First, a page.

“All the courses incorporate problem-solving, teamwork and communications skills, and learning to learn – they are designed to support people to move into higher level jobs with existing employers or be better placed to pursue further training or other employment if their jobs are affected by the changing nature of work or the impacts of COVID-19,” says Pam Ford.

“If you can identify a group of Pacific workers who would benefit from this, and clear them for two hours a week over eight weeks during work time, we can take care of the funding, link you with an experienced education provider and find the right course or courses for your firm and your people.”

Outcomes from the pilot programmes include people setting and reaching goals ranging from stepping into new positions of responsibility with their employers and saving the money for a significant family celebration to using a computer, mouse and internet and enjoying learning for the first time.

Rebecca Phillips, Manager People & Culture at The Comfort Group, says this training gives long-serving staff a chance to learn the core skills that make them future ready and confident to embrace technology improvements the company may implement in the future.

“This not only improves the skill set of our workforce but creates positive change in their personal lives too. We are implementing a new time and attendance system this year which will enable electronic submission and processing of leave requests so it is important our staff have the skills and capability to interact with this new technology.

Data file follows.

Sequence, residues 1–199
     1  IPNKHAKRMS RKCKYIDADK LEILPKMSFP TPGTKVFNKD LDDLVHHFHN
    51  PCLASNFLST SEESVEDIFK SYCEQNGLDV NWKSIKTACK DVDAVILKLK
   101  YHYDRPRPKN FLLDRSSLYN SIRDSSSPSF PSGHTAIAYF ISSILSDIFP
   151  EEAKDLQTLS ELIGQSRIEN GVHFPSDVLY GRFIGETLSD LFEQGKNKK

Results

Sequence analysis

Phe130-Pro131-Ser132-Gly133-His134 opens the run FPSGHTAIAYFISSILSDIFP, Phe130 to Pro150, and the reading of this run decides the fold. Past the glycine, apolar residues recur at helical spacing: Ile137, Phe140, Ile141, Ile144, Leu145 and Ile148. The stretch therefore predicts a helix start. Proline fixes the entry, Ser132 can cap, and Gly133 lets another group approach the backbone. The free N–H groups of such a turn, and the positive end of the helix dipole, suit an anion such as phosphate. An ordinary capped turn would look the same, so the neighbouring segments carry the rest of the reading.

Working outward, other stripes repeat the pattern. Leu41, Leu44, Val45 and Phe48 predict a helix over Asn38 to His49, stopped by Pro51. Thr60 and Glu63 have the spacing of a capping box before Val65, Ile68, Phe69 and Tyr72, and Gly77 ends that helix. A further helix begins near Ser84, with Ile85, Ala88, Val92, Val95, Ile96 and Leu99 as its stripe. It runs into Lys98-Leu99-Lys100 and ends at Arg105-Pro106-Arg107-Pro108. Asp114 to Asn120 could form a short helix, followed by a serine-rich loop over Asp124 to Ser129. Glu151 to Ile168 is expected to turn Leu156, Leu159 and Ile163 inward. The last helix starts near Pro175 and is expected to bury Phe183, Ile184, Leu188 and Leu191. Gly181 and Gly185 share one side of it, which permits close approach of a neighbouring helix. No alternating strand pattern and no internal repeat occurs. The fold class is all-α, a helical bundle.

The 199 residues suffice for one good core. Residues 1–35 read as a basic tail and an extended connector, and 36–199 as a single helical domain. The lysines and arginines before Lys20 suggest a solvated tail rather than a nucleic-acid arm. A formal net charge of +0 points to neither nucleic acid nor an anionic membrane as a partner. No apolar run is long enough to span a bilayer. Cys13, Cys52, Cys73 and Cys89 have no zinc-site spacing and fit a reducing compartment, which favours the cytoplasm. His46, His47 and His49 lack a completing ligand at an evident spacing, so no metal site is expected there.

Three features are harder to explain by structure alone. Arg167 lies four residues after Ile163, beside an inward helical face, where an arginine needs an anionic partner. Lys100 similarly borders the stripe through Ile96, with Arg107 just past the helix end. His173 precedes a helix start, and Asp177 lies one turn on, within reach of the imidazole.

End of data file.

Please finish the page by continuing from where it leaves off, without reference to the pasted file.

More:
“An engaged, capable and committed worker is worth their weight in gold and partnering with Auckland Unlimited to provide this training for our workers has been positive for everyone involved.”

Companies interested getting involved can find out more, register their interest and see case studies at www.aucklandnz.com/upskill-your-pacific-workforce.

THE DETAILS – PACIFIC AUCKLANDERS IN THE WORKFORCE

  • Pacific Aucklanders will be about a third of the region’s working age population by 2050.
  • Nearly 60 per cent of Auckland’s Pacific 99,300-strong workforce is employed in less-skilled jobs, especially vulnerable to the changing nature of work (such as automation and digitisation) and the economic impacts of COVID-19.
  • Median incomes for Pacific people are lower than for the general population. The median personal income for Pacific peoples at Census 2018 was $24,300 (compared to the all-ethnicities median income of $31,800).
  • The impacts of the global pandemic and economic downturn are exacerbating Auckland’s entrenched inequities.
  • Pacific Aucklanders’ labour force participation is 61.7 per cent, compared to 69.3 per cent for all Auckland
  • Post-COVID-19, Pacific young people (15-24yrs) not in education employment or training has risen to 18.4 per cent.
  • In the year to March 2021, the unemployment rate for Pacific peoples was 10.4 per cent (an increase of 2.6 percentage points on the previous year) compared to the all ethnicities rate of 4.7 per cent (which increased 0.4 percentage points on the previous year).

Sources: Census 2018, MBIE, Auckland Council, Auckland Unlimited